New York Taxi Commission Sued by Medallion Owners’ Group

New York’s Taxi and Limousine Commission was sued by taxi-medallion owners over claims the agency is trying to reduce medallion values in retaliation for a challenge to a plan to allow car services to pick up passengers.

The Greater New York Taxi Association, a group representing the owners of about 1,500 medallions, filed the suit in state Supreme Court in Manhattan today, seeking a declaration that recent moves by the TLC and Commissioner David Yassky are “arbitrary and capricious” and asking to have them annulled.

“These illegal actions are all part of a concerted plan concocted by Mayor Michael Bloomberg and Yassky to severely and recklessly diminish the value of taxi medallions for no reason other than to retaliate against medallion owners who successfully challenged the Mayor’s illegal plans,” the group said in its suit.

The drivers accuse the commission of reaching a secret pact with the New York Taxi Workers’ Alliance, a group representing cab drivers, to support the plan to allow car services to pick up street fares in the city’s boroughs outside Manhattan in exchange for a fare increase, a lower percentage fee for credit card charges and a health and disability fund for the drivers.

A medallion is a license from the commission to operate a New York City taxicab.

Borough Plan

A state judge in June blocked the outer-borough plan, saying that three taxi groups had demonstrated it would cause them irreparable injury.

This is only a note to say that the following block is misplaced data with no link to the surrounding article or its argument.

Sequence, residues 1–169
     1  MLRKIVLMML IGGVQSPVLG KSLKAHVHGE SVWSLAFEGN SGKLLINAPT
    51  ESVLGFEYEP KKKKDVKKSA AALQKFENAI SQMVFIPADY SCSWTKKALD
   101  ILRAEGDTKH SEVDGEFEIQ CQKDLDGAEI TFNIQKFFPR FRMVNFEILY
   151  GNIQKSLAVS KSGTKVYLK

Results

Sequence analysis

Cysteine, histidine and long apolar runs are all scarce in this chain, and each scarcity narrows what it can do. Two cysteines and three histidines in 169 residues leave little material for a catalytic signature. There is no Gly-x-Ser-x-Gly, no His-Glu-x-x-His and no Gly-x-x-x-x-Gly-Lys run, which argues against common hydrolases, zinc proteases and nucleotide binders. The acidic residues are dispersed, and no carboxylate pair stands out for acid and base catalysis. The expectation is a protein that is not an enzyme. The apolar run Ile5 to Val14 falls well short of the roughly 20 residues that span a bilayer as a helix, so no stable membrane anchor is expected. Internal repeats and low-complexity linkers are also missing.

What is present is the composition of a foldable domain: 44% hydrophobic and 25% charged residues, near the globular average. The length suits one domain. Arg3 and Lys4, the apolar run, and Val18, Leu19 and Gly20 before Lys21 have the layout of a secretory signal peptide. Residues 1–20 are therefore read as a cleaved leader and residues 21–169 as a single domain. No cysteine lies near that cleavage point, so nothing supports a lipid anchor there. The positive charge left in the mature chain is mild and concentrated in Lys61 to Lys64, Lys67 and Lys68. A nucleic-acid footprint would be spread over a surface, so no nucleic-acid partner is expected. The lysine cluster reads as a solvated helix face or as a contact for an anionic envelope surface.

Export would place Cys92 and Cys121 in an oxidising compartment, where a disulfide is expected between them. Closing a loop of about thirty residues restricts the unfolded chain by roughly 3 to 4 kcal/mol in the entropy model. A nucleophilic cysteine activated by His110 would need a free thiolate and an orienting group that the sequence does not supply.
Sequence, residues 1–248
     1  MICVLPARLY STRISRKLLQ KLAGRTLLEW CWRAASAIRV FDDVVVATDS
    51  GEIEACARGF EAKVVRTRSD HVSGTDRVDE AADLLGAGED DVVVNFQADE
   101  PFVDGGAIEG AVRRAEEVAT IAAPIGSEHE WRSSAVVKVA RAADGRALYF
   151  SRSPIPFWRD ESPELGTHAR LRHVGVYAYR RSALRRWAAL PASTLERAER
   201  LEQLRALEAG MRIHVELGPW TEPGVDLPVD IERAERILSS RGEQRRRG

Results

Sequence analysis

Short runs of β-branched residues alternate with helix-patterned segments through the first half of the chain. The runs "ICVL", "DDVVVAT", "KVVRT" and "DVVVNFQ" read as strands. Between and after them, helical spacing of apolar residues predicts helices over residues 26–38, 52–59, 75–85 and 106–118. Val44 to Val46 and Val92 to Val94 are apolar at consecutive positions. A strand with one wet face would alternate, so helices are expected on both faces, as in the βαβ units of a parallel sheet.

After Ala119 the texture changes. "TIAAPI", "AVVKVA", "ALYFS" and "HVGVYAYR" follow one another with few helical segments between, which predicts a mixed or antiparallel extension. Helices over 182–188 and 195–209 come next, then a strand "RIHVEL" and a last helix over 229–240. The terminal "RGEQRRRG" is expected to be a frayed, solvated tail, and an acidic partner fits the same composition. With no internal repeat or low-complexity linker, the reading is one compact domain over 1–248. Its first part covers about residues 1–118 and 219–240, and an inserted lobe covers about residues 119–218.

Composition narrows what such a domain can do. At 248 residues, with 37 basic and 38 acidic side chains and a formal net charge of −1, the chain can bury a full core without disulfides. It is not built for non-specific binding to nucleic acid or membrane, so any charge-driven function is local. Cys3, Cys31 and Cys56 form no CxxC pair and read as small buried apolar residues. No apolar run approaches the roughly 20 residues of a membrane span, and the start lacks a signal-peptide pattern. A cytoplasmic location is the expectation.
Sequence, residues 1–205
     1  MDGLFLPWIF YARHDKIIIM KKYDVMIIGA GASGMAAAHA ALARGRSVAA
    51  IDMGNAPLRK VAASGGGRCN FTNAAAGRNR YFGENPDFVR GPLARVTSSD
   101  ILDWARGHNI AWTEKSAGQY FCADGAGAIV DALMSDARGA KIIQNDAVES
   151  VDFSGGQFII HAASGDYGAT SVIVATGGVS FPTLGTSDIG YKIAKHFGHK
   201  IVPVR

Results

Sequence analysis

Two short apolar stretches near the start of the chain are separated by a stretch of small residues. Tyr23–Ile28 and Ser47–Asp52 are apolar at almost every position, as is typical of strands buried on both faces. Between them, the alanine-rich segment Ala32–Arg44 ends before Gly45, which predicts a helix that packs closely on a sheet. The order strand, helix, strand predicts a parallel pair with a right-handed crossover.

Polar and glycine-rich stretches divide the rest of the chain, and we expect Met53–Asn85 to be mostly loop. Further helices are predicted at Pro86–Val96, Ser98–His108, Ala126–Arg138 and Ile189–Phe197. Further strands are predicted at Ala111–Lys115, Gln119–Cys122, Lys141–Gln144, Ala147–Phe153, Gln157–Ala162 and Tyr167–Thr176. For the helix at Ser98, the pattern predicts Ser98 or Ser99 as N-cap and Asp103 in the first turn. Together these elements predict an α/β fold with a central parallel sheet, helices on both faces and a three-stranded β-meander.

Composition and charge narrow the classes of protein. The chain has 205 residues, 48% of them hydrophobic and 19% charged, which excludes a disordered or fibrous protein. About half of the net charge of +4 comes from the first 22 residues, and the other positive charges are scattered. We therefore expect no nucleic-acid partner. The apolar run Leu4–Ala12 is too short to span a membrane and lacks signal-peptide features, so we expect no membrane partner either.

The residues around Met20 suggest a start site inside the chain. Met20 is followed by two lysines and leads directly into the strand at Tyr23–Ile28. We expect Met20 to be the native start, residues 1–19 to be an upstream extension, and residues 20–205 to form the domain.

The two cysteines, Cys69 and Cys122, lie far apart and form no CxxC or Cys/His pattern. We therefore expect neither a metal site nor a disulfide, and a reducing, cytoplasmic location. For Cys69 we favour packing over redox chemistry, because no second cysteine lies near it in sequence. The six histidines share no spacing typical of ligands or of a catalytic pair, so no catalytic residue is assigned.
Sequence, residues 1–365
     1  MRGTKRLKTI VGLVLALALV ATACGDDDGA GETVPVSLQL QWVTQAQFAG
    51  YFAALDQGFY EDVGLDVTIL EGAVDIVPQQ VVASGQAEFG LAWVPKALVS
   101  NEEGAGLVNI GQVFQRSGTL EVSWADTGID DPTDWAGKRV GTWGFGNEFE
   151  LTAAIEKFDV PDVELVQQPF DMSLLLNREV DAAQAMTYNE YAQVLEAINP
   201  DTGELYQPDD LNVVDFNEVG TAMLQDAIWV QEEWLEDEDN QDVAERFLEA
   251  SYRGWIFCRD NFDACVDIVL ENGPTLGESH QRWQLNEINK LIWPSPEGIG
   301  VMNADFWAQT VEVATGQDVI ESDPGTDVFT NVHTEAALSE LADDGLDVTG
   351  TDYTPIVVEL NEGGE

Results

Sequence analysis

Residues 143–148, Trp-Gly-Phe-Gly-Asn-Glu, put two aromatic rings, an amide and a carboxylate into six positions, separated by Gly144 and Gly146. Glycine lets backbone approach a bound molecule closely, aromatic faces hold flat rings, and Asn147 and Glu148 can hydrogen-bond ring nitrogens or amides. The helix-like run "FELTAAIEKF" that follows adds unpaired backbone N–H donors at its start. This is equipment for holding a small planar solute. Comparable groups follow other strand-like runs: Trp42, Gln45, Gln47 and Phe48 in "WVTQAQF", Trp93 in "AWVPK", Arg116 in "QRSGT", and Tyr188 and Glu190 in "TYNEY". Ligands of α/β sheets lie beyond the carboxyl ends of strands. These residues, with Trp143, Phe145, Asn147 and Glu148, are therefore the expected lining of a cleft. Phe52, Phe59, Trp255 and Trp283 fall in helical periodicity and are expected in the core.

Governor Andrew Cuomo struck a deal with lawmakers in December for the city to permit car services to respond to passengers who hail them on the street outside Manhattan. The state legislature passed the law in February. Rules to implement the legislation were approved by the Taxi and Limousine Commission in April and were to take effect in June.

Bhairavi Desai, executive director of the New York Taxi Workers’ Alliance, which wasn’t named as a defendant in the lawsuit, didn’t immediately respond to a telephone message left at the group’s headquarters today seeking comment on the lawsuit.

The city is awaiting the lawsuit and will review it carefully, Kate O’Brien Ahlers, a spokeswoman for the city’s Law Department, said in a telephone interview.

The mayor is the founder and majority owner of Bloomberg LP, the parent company of Bloomberg News.

The case is Greater New York Taxi Association v. New York City Taxi and Limousine Commission, 103904/2012, New York State Supreme Court (Manhattan).

To contact the reporter on this story: Chris Dolmetsch in New York at cdolmetsch@bloomberg.net

To contact the editor responsible for this story: Michael Hytha at mhytha@bloomberg.net

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